It is not our purpose to appreciate the best, or to expose the worst, of Voltaire's tragedies. Our object is to review some specimen of what would have been recognised by his contemporaries as representative of the average flight of his genius. Such a specimen is to be found in Alzire, ou Les Américains, first produced with great success in 1736, when Voltaire was forty-two years of age and his fame as a dramatist already well established.
Act I.—The scene is laid in Lima, the capital of Peru, some years after the Spanish conquest of America. When the play opens, Don Gusman, a Spanish grandee, has just succeeded his father, Don Alvarez, in the Governorship of Peru. The rule of Don Alvarez had been beneficent and just; he had spent his life in endeavouring to soften the cruelty of his countrymen; and his only remaining wish was to see his son carry on the work which he had begun. Unfortunately, however, Don Gusman's temperament was the very opposite of his father's; he was tyrannical, harsh, headstrong, and bigoted.
Such were the cruel maxims of his government—maxims which he was only too ready to put into practice. It was in vain that Don Alvarez reminded his son that the true Christian returns good for evil, and that, as he epigrammatically put it, 'Le vrai Dieu, mon fils, est un Dieu qui pardonne.' To enforce his argument, the good old man told the story of how his own life had been spared by a virtuous American, who, as he said, 'au lieu de me frapper, embrassa mes genoux.' But Don Gusman remained unmoved by such narratives, though he admitted that there was one consideration which impelled him to adopt a more lenient policy. He was in love with Alzire, Alzire the young and beautiful daughter of Montèze, who had ruled in Lima before the coming of the Spaniards. 'Je l'aime, je l'avoue,' said Gusman to his father, 'et plus que je ne veux.' With these words, the dominating situation of the play becomes plain to the spectator. The wicked Spanish Governor is in love with the virtuous American princess. From such a state of affairs, what interesting and romantic developments may not follow? Alzire, we are not surprised to learn, still fondly cherished the memory of a Peruvian prince, who had been slain in an attempt to rescue his country from the tyranny of Don Gusman. Yet, for the sake of Montèze, her ambitious and scheming father, she consented to give her hand to the Governor. She consented; but, even as she did so, she was still faithful to Zamore. 'Sa foi me fut promise,' she declared to Don Gusman, 'il eut pour moi des charmes.'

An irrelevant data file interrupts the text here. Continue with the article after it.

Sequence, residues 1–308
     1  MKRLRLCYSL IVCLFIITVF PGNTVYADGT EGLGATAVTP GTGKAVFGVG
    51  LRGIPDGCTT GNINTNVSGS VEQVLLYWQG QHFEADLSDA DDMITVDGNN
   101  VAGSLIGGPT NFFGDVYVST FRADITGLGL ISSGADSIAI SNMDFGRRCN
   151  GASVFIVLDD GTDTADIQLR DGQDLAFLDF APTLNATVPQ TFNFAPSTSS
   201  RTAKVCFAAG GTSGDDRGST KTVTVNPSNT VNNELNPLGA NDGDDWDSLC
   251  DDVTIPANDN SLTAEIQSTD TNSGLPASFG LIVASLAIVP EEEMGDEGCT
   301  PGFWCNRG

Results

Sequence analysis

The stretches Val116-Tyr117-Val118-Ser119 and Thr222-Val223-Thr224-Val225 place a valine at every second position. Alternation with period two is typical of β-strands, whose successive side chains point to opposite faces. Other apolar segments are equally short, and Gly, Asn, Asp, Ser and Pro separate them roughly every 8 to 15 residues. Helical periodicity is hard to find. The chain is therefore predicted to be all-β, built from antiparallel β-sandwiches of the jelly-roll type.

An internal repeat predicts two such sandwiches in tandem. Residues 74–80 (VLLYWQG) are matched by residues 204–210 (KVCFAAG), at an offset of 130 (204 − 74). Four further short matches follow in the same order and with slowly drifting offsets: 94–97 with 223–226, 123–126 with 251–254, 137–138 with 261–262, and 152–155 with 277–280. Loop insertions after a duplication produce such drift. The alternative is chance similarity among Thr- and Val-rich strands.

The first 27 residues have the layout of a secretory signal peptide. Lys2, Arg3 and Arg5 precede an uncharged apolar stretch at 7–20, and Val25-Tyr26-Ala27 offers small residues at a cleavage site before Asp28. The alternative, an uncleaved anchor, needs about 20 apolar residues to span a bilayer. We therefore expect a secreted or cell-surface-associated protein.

The ruthless Don did not allow these pathetic considerations to stand in the way of his wishes, and gave orders that the wedding ceremony should be immediately performed. But, at the very moment of his apparent triumph, the way was being prepared for the overthrow of all his hopes.
Act II.—It was only natural to expect that a heroine affianced to a villain should turn out to be in love with a hero. The hero adored by Alzire had, it is true, perished; but then what could be more natural than his resurrection? The noble Zamore was not dead; he had escaped with his life from the torture-chamber of Don Gusman, had returned to avenge himself, had been immediately apprehended, and was lying imprisoned in the lowest dungeon of the castle, while his beloved princess was celebrating her nuptials with his deadly foe.
In this distressing situation, he was visited by the venerable Alvarez, who had persuaded his son to grant him an order for the prisoner's release. In the gloom of the dungeon, it was at first difficult to distinguish the features of Zamore; but the old man at last discovered that he was addressing the very American who, so many years ago, instead of hitting him, had embraced his knees. He was overwhelmed by this extraordinary coincidence. 'Approach. O heaven! O Providence! It is he, behold the object of my gratitude. ... My benefactor! My son!' But let us not pry further into so affecting a passage; it is sufficient to state that Don Alvarez, after promising his protection to Zamore, hurried off to relate this remarkable occurrence to his son, the Governor.